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Being Creative

by Hal Isen

From The Graduate Review, November 1977

Hal Isen is an est trainer who has taught art and has lectured at the Smithsonian Institution on such diverse subjects as visual perception, film, and creativity. His work is included in the permanent collections of the Library of Congress and the National Collection of Fine Arts.

Before I took the est training I taught at the University of Maryland and was also a professional artist and illustrator. On one occasion, about 10 years ago, I was sent by The Washington Post to an institution in Virginia to make drawings of the people there. I had a direct experience of the people and didn’t make a single drawing while I was at the institution. In fact I didn’t draw anything until the evening of my third day back at home, when I jumped up from the living room sofa and said to my wife, Anita, “I’m going upstairs.”

I pulled out a big piece of paper and put it on the easel, and the drawings began to occur. I’m saying it that way because they were just happening; there wasn’t a separation between the person drawing them and the drawings. It was all one thing. I called downstairs, “Anita, come up and watch this thing with me.” The drawing was being created whole at each moment, and I did four or five illustrations that way. When it was all over, I tried to figure out what I had done. “Boy, that was really magical. That wasn’t me doing it.”

What I didn’t get was that that was me. That was a direct experience of myself rather than my mind trying to figure myself out.

There are moments in your life when there is magic – you may be walking up the steps, or in a relationship with someone – when the thing is complete as it has never happened before quite like that. If you are in the arts, it may be the sense of being one with what you are doing. If you are in business, it may be the sense of being able to look at problems in such a way that, instead of being stops for you, they become opportunities.

People tend to think that being creative is something that only the specially gifted are capable of, or that it has something to do with what one does. It does not. Creativity has to do with being, with bringing something out of nothing. Nothing (or Everything) is the space or context from which things (form, concepts, content) come – the context of all contexts. That is what the Self is, and it manifests itself at the levels of individuality, relationship, group, society, and ultimately itself again. All context gives rise to process, which devolves into content or concepts or thingness – the “stuff” of the universe.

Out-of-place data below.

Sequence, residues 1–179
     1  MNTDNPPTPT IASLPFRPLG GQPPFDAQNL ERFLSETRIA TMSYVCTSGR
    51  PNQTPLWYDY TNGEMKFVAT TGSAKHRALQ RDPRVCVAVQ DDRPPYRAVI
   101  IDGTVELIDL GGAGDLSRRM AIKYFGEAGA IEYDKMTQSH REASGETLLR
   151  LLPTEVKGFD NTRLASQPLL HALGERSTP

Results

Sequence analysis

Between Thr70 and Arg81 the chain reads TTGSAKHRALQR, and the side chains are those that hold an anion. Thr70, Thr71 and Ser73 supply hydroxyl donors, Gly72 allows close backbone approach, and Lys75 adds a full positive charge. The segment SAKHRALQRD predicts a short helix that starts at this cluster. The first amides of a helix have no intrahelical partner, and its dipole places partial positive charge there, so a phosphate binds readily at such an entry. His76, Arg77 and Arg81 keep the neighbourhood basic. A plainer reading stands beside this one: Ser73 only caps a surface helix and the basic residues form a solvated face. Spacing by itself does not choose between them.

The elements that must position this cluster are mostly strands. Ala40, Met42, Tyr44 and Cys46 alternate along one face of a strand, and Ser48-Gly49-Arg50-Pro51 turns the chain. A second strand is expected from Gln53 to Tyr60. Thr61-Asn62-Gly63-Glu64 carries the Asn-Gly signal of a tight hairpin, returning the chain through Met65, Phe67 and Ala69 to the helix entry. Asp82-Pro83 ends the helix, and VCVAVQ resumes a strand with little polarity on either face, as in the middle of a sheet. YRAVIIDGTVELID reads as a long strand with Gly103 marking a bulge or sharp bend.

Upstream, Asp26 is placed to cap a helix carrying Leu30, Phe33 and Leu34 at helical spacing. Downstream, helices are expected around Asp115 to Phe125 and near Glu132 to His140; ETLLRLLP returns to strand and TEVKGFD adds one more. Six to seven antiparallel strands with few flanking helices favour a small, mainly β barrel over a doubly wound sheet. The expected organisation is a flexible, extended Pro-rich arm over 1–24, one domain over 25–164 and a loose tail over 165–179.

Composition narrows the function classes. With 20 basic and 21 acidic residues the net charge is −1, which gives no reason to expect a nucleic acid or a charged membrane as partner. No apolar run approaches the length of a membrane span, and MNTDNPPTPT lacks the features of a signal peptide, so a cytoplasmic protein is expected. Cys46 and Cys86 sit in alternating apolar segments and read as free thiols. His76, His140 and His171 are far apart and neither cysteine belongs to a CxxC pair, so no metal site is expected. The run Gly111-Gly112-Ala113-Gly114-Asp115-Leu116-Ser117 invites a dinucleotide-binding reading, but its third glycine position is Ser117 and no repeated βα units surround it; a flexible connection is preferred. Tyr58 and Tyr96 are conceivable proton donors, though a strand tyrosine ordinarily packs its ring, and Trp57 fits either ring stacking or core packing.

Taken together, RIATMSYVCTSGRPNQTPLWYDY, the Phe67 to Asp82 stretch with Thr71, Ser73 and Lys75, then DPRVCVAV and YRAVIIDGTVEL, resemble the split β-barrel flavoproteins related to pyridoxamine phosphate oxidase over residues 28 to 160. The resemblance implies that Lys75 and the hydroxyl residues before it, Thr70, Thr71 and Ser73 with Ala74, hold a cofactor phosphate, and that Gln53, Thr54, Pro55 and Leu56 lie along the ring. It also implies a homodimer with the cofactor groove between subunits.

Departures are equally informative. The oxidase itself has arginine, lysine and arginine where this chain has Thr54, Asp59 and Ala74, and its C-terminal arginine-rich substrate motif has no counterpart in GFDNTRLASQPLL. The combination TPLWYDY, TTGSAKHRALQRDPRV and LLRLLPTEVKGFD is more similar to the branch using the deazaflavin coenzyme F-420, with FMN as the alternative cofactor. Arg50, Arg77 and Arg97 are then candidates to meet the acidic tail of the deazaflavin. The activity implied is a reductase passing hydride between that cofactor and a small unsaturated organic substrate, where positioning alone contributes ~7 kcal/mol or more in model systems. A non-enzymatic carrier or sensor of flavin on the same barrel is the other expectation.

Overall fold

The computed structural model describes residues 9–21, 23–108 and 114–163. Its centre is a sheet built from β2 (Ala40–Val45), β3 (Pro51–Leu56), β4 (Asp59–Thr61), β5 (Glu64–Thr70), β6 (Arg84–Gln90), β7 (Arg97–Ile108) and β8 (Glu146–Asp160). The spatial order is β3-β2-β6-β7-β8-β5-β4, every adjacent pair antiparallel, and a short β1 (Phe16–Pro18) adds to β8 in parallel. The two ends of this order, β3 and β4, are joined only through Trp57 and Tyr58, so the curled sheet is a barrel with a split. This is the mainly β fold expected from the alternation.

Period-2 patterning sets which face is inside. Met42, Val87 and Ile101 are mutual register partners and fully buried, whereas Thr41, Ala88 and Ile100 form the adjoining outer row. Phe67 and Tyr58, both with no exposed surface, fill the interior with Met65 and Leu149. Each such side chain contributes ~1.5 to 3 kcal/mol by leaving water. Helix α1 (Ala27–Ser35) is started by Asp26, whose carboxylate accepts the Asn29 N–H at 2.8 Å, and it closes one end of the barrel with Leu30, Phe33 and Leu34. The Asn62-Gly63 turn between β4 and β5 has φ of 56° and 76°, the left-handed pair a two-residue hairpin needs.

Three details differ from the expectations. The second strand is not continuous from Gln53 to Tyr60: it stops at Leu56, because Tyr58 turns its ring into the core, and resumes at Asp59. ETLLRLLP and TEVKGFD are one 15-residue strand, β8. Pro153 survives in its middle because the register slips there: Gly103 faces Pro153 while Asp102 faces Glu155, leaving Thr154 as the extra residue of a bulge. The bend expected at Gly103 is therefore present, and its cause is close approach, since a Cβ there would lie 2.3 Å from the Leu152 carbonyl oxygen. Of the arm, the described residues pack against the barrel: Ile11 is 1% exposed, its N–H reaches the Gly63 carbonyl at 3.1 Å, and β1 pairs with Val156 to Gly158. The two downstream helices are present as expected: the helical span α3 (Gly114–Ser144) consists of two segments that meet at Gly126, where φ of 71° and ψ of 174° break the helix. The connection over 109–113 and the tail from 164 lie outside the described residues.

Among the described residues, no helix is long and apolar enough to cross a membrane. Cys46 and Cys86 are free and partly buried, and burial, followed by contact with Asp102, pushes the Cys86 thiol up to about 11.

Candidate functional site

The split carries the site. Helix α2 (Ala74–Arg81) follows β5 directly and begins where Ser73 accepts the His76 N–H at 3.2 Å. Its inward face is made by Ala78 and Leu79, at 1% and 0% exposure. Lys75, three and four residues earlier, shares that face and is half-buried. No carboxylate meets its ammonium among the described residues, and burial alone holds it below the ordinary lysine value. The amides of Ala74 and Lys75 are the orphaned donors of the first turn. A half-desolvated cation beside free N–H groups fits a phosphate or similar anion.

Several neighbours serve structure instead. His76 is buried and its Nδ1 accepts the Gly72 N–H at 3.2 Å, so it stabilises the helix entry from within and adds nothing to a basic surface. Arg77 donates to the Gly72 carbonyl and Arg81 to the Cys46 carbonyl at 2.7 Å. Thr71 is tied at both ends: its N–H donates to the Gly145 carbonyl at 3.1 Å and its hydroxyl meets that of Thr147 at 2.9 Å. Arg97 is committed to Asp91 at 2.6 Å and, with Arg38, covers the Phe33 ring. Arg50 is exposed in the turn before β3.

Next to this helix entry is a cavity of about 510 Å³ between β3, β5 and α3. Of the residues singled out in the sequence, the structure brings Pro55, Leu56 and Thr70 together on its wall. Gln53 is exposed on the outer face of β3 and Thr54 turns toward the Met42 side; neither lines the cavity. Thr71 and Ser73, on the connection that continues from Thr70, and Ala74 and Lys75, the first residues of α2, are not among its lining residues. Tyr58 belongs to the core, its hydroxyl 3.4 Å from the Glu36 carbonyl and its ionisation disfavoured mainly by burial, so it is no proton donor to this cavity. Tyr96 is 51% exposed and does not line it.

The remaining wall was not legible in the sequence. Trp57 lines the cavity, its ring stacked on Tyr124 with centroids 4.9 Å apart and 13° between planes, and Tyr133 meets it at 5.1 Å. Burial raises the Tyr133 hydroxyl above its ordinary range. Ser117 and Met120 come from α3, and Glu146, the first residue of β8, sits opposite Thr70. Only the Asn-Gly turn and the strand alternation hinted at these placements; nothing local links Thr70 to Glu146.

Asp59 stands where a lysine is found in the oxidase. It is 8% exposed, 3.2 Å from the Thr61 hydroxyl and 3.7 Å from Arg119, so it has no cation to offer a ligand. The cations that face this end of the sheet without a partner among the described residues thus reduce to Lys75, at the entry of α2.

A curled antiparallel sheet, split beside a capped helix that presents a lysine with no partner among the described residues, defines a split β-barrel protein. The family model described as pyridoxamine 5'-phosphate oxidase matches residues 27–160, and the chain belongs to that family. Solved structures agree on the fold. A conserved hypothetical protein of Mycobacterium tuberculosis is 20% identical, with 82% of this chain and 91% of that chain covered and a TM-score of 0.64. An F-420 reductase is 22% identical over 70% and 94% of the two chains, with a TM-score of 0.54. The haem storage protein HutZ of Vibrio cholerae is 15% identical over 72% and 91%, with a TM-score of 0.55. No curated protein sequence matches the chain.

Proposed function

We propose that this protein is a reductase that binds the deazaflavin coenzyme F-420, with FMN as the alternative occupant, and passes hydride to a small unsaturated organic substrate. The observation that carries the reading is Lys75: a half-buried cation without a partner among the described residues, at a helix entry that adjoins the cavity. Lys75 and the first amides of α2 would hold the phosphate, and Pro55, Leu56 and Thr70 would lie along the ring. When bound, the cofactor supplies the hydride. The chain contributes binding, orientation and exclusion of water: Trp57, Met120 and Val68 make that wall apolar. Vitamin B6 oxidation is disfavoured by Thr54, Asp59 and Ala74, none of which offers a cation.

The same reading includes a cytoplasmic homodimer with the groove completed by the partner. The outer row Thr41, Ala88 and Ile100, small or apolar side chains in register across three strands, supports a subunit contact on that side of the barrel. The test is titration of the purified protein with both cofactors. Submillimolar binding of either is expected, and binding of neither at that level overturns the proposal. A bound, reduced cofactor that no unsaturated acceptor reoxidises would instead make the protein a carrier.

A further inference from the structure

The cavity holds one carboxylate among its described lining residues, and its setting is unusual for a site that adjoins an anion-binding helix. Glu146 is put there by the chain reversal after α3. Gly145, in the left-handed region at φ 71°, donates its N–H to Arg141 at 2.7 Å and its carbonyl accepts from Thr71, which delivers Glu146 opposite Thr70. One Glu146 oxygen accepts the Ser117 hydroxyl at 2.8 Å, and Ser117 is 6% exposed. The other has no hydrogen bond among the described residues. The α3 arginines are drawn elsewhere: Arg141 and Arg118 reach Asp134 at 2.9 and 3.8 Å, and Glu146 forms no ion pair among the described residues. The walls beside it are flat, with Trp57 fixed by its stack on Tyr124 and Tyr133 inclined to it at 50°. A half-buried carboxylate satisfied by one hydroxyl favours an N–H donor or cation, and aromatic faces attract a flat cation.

The full expression of the experience of Self in the world – of Self as creator – is at the level of experience that Werner refers to in the training as “sourcing,” which is “experiencing that you are creating your experience as you are experiencing it.” That is what true creativity is about. You are creating moment by moment by moment, so it is always fresh and new for you, rather than the old way it was before.

It is the discovery of who we are – which people get in touch with in the training – that allows us to continually and consciously manifest that ability in our lives, and to take it out into the world where we can really make a contribution.

If creativity is innate in all of us, then expressing it must be a function of accepting it, of allowing it, of letting it happen. Once we let go of our beliefs and considerations, we can allow ourselves to be magicians, and we can do things far beyond what our system says we are able to do.

My mother, who is 63 years old, took the training in Washington, D.C., last November. She was very excited about doing it. My father, 69 years old, had heard about the long hours and so forth and, being concerned, decided to stay with her at the hotel. He imagined that he would be waiting for her and, some time early in the morning, rescue her as she dragged herself through the door. He waited until 12:00, then 12:30, then 1:00AM trying to keep his eyes open, waiting for a weak knock at the door. Suddenly the door opened and my mother burst in, full of energy. She definitely was creating her experience and going far beyond what my father had believed she could do.

In an article in The Graduate Review (July 1976), John Curry, the 1976 men’s Olympic and world figure skating champion, said that in winning those titles there wasn’t any separation between himself, the ice, the skates, the music. It was one thing flowing, a thing he was creating each moment – creating it, creating it, creating it, creating it – as if there was nothing to do. He was skating when he was skating. The skating wasn’t about trying not to fall down, or trying to overcome something, or trying to move something out of the way. Every moment was completely whole and completely satisfying.

Creativity is the art of creating each moment being perfect. You have a direct experience of being the one who creates your experience of your life, of being the one who creates satisfaction in your life. You are in fact the space or context out of which your life is generated, and when you can begin to come out of the experience of creating your life moment to moment, of “this is it,” that is really what creativity is.